Wall Street Agrees the World Is in Recession, Disagrees on Depth
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Wall Street economists are united in declaring that the coronavirus has forced the world economy into a recession, but they are divided over its depth.
In what Ethan Harris, chief economist at Bank of America Corp., calls “forecast leap frogging,” strategists have been forced to repeatedly cut their predictions for global growth as the virus spread from China to Europe and the U.S.
Now those at the big U.S. banks are unanimous that the first worldwide recession since 2009’s 0.8% contraction is underway. “The day the earth stood still,” is how economists at JPMorgan Chase & Co. are putting it.
Most see the worst for China in the first quarter and the rest of the world in the subsequent three months. JPMorgan Chase pencil in an eye-popping 40% plunge in Chinese gross domestic product in the first quarter from the previous three months, while predicting a 14% drop in the U.S. in the second quarter. Both would the biggest contractions in at least 50 years.
Such sudden deterioration is enough to shove the world into recession, which because of typically fast-growing emerging markets most economists say is growth below 2.5%.
But uncertainty toward the virus’s effect means there is doubt over 2020 as a whole. The JPMorgan economists project a 1.1% slump over the year, while those at Citigroup Inc. expect growth of 1.4%.
Here’s a rundown of what the big banks are saying in reports this week with their predictions for the world and biggest economies in brackets:
Bank of America (Global: 0.3%, U.S: -0.8%, China: 1.5%)
“Something similar to what happened in China is happening in the rest of world. Since Western democracies cannot match the scope of the Chinese shutdown, their disruptions will probably run for a longer period. That means that the global economy will be exceptionally weak in first half 2020, with the timing of the shock following the path of the virus and the resulting quarantine measures. China is likely to see a dramatic fall in the first quarter, the shock to the rest of Asia and Europe should be spread over the first quarter and second quarter and the U.S. downturn will be concentrated in the second quarter.”
JPMorgan Chase (Global: -1.1%, U.S.: 1.8%)
“There is no longer doubt that the longest global expansion on record will end this quarter. The key outlook issue now is gauging the depth and the duration of the 2020 recession. As the virus spreads rapidly across the globe, we have also been rapidly adjusting our estimates of the impact on first half 2020 growth. This week we have again lowered forecasts. For China this quarter and the rest of the world next quarter, these GDP declines represent the biggest quarterly contractions recorded over the past 50 years at least.”
Goldman Sachs Group Inc. (Global: 1.25%)
“We have sharply downgraded our GDP forecasts across most of the world’s major economies. These downgrades reflect our expectation that the escalation of the coronavirus crisis — and the partial or complete shutdown of important sectors of major economies — will weigh heavily on GDP in Europe and the US, especially in the second quarter. The risks even to our new 2020 numbers remain on the downside.”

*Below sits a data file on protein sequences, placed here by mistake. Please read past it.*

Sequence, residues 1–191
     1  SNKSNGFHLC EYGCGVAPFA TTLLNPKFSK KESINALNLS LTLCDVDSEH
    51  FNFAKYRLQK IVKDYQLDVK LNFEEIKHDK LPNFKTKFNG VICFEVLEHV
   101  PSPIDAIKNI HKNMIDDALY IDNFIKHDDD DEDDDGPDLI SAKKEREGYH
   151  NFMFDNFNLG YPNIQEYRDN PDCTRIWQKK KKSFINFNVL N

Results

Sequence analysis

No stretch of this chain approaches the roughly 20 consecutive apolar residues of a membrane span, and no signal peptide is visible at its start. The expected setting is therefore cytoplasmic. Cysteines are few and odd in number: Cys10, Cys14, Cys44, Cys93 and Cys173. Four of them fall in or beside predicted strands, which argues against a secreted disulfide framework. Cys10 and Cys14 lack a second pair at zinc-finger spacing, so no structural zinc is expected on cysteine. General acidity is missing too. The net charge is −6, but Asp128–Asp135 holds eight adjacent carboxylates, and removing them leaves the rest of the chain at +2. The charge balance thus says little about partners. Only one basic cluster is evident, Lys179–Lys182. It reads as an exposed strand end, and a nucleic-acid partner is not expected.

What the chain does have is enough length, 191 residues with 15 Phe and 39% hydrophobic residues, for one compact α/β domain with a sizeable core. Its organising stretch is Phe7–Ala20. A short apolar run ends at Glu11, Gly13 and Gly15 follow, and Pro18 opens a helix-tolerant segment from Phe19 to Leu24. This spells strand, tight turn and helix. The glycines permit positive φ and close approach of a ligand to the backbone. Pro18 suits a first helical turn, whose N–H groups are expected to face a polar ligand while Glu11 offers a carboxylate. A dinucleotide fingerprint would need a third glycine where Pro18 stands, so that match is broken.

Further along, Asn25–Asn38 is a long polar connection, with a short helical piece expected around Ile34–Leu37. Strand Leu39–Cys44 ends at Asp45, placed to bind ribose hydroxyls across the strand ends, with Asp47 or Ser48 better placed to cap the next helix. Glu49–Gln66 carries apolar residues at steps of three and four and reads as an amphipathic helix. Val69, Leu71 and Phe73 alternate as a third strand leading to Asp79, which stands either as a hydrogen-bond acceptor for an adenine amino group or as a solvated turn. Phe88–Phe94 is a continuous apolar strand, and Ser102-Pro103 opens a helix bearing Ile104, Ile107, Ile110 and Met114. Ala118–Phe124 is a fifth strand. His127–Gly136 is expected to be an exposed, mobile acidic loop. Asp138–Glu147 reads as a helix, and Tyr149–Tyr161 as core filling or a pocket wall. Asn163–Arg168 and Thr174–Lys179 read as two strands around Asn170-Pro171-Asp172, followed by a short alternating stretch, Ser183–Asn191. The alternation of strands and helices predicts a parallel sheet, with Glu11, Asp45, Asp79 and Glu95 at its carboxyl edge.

Morgan Stanley (Global: 0.9%, U.S.: 1.6%, China: 5.0%)
“With Covid-19 spreading in Europe and the U.S. after hitting Asia, the disruptions and dislocations in the economy and markets will trigger a year on year contraction in global growth in the first half of 2020. However, the strong monetary and fiscal policy response under way will help to revive global growth from the third quarter of 2020.”
“We are monitoring two key risk factors: (1) The duration of Covid-19-related economic disruption; and (2) The duration of dislocations in financial markets, especially credit. If disruption from Covid-19 persists into the third quarter, we could see an even deeper recession, with 2020 global growth averaging -0.6%.”
Citigroup (Global: 1.4%, U.S.: 1.4%, China: 3.7%)
“Data emerging over the last few weeks on the health and economic effects of the virus have been striking. Consumer activity, business investment and overall sentiment are being affected by recommended social distancing and/or lockdowns. Uncertainty over how deep the shock might be, how long the disruption might last, and what shape any recovery might take exacerbate financial fears, and financial markets have responded with a vengeance.
“fIt is difficult to ‘find a bottom’ if the ‘fundamentals’ are so uncertain. But, financial market turbulence feeds back to accentuate consumer and business concerns. Policy authorities are trying to ameliorate, offset, and stem the health, economic, and financial crises. The success of their efforts, as well as behavioral responses of consumers and businesses, will determine whether the base-case projections for 2020 evidence or whether the alternate-downside outcome (or worse) takes place.”
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